The second unit of Saxon warriors charge in and are able to remove the Viking warlord who is not within short of a friendly unit.  Losing the 2 free activations for the warlord and the die for the warlord himself severley hampers the Viking player.  For the rest of the game the Vikings try to shuffle forward but do not have the activation dice to get into combat.  The Saxons finally destroy the pesky levy they have been hunting all game.  A clear Saxon win.  Note that several Viking warrior units took no part in the battle beyond generating activation dice.  The Saxon levy was also left out of battle but as a levy unit that would be the best place for it.




Bolt Action: Sino Japanese Conflict

First a big thank you to Battlefront UK who provided this Flames of War battlemat to our club (Blackshaw Gaming Club) at no cost.  It is a double sided, fertile/desert rubber mat.  Here it is standing in as rolling flatlands in Northern China for a Bolt Action game and  showcasing the Chinese deployment.   The brown hills are dense soft cover, the ruins dense hard cover.  The craters (marshy dips) are soft cover, the railway line has no effect on the game apart from marking the 4 quarters of the table.  The train is not going anywhere soon but rates as hard cover.


The scenario here is sectors.  The table is divided into 4 with the armies deploying in opposite quarters.  3 points are awarded per unit in the enemy sector at game end, 1 point per unit in a neutral sector and 1 for a destroyed enemy unit.

The Chinese list was very similar to the 8th Army list from the blog’s Chinese army post.   It would have been identical if I had not forgotten to pack it and instead had to re-point it from memory.  With 3 units of guerillas and 3 of tank hunters all able to forward deploy the Chinese have the abilty to deploy in their own half of the table including the neutral sector opposite the Japanese home sector.   The free sparrow tactics move after deploymemt also allows the Chinese to really dominate the board early on.  On the minus side getting close up to full strength Japanese squads is not always a good thing and the Chinese have precious little anti-tank in their list.  As this is an early war match up the Zis2 and captured Japanese tank units are not going to be available.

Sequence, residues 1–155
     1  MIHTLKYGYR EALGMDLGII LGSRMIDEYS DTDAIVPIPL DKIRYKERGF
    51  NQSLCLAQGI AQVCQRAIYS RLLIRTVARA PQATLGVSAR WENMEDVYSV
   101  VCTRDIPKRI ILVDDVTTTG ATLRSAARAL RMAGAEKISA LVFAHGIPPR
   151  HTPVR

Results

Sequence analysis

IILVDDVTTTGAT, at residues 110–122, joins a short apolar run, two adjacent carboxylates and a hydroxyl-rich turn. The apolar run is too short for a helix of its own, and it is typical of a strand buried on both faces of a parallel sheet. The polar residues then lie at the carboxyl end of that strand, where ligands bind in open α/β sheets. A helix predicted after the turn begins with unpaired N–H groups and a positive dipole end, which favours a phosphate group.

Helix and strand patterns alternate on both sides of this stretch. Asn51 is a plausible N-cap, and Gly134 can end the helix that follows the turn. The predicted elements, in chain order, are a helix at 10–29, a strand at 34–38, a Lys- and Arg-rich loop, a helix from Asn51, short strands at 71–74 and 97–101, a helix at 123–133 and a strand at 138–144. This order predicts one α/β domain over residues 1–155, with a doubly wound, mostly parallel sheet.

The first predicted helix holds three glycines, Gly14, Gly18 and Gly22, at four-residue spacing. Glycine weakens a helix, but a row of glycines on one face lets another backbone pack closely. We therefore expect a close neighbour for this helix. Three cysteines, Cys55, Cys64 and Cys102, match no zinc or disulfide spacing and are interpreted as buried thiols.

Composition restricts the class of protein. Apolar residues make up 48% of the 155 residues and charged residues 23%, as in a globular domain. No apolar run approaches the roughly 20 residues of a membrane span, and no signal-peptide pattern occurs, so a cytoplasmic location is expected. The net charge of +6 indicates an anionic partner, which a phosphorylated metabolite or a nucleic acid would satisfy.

The Japanese list is from the Manchuria setting, unlike many Japanese lists there are no spearmen or tank hunters but fear not there is still a pile of infantry.  The Japanese have a light tank and armoured car that wisely stay out of the way of the pre-game bombardment.  The Japanese have deployed 2 squads well up front hoping for some easy assaults and blocking some of the avenues of possible sparrow tactic advances.


2 Chinese guerilla units get some early shots off on the Japanese but are rolled over by banzai attacks.  With 3 squads coming in (the 4th is on the hill) there is no stopping all of them.  Japanese big squads can be beaten but need to be ground down first.  Getting units on ambush in cover will ensure point blank shots on the way in and both sides rolling for assault at the same time.  The Japanese will probably still win but should be sufficiently weakened to stop a squad rolling over a fresh enemy unit each turn.  Another tactic is to move back shooting while keeping out of assault range.


The Japanese squad by the train is looking puny but the one to the front of the shot below is still good and yes, there is another squad behind it.  The die ‘5’ shows a mortar trying to range in.


Turn 2 and the Japanese vehicles show up.  The Crossley is from the  Honourable Lead Boiler Suit Company.  It has factory issue solid tyres which might have been replaced by pneumatic tyres, the British certainly did so in India.  With 2 MMGs it is good value bang for bucks.   The date and theatre vehicle optimal choice would probably be a Wolseley Armoured Car.


Period postcard ‘our tank group in Manchuria’

The Ha-Go has a 1 man turret so needs an order test to advance (not fire or run).  The only advance it did this game was when it came on when it thankfully managed to take out the Chinese light gun.  The Chinese best, but still slight, chance of harming the Japanese armour.